Explore the event Agenda
Stevie the Robot and Sinead Grennan, CEO of Engaging Dementia will interview Dr Conor McGinn.
Family, ‘informal’ or unpaid carers are an increasingly visible section of our community. They have been recognised by successive governments as providing an essential service. If unpaid care were to cease, service systems would not cope, nor would the national budget. Rethinking carer services and supports is well overdue in Australia. Could supports could be reconfigured into more individualised and effective services?
This presentation will explore caring styles and propose that evidence-informed, individualised, proactive services not only support carers, but may benefit those whom they support and make good financial sense for the country.
Thinking back, Tully remembers signs much earlier than when she received her diagnosis, which was put down to stress or being over-worked. It began with the little things. But it was her changes in personality that were the most drastic. Being angry all the time and quick to start an argument or lose her temper.
Considerable debate has taken place about the form and function of “nursing” in dementia and aged care. This discussion usually comes with an assumption that nurse equals compassionate people who provide quality clinical care and are excellent managers. But do these skills and qualities go together and can we expect all aged care nurses to provide this? Is the word nurse being used to shorthand the care, compassion and knowledge we want in the support of older citizens and is less about the discipline of nursing? With the number of nurses decreasing internationally what is the future role of nursing in dementia care, where is nursing knowledge and skill most valuable. When does a person with dementia need the skills of a nurse and when do they need a person?
Wilco Achterberg, elderly care physician and professor of elderly care Medicine, Topaz Leiden and Leiden University Medical Center, Leiden the Netherlands
Session Moderator: Susan Kurrle
The standard now for personalised homelike care for people with dementia in residential care is small (8-12) group housing. However, most facilities still have old larger buildings, and it is not financially feasible for all of them to build new facilities within a few years. However, it is possible to redesign old style large scale buildings so that in fact small scale group care can be delivered. We will show a case from a Topaz nursing home in Leiden. Next to the design of the environment, we were not satisfied with the old-style education that our nurses received and that was too much based on providing ADL care. Based on video footage, we will talk you through our ideas.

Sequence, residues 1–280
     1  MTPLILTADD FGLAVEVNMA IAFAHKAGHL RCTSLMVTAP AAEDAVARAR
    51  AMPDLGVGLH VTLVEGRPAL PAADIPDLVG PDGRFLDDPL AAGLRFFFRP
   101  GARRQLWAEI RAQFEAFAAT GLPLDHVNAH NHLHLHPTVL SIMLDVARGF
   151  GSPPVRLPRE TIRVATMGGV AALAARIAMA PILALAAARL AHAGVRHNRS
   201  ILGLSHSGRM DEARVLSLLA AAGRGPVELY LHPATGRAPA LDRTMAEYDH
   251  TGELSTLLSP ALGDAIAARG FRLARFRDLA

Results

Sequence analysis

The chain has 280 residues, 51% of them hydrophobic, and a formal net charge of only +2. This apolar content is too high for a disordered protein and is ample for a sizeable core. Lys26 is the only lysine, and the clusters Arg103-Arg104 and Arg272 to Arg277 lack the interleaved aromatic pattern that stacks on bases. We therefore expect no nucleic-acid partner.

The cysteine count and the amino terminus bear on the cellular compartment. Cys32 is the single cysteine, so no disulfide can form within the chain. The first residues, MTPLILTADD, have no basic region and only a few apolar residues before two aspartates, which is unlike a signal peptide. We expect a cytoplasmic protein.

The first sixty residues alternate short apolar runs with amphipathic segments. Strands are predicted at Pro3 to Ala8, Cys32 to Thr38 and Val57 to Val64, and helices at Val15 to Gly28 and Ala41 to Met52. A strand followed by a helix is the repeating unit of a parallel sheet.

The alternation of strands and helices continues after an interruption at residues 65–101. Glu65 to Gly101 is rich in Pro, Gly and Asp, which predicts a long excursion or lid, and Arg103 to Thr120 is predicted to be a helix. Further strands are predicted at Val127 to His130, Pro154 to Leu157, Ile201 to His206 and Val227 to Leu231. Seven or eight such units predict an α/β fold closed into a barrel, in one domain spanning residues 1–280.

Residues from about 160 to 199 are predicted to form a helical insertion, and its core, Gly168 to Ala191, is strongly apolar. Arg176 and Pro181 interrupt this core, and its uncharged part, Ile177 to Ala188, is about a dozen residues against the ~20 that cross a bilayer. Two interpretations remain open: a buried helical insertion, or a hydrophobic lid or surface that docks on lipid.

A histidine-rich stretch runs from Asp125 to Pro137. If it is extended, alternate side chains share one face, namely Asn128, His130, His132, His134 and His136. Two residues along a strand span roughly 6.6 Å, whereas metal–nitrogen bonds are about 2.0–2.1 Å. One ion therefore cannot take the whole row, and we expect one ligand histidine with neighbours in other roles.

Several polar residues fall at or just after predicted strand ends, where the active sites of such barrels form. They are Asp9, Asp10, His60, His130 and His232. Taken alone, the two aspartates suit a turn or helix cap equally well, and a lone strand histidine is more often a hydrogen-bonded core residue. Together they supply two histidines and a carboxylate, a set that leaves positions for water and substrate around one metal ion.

Presenters: Martine Heruer, Lia de Jongh
Of course, mention of love in a professional context can also stimulate outrage in terms of the obvious risks and tensions that come with the language of love. As the paradigms of business continue to be applied to the Aged Care enterprise - now being described as a “market” an “industry,” a “sector,” with elderly people viewed as consumers whose choice should sit at the centre of the system, there will inevitably be a difficult tension between the need for safety, professionalism, clinical compliance and financial governance and the apparently, “soft,” “dangerous” and “risky” language of love.
There is a strange irony here in the sense that some argue that the consumer should be at the heart of the system, whilst at the same time avoiding the language of the heart. The idea that love and the enablement of love might be a key indicator for success within an organisation is not something that is easily assimilated into standard business models. And yet, while those of us within the age care sector teach about “professional boundaries” (important as such boundaries can be), the spaces where we encounter truly personalised, life changing care sometimes sit uneasily on the edge of these boundaries as they are lived out by those who offer care that is marked by the core practices of love: joy, peace, patience, kindness, goodness, faithfulness.
Care without love may be “safe” and “efficient” but is it enough?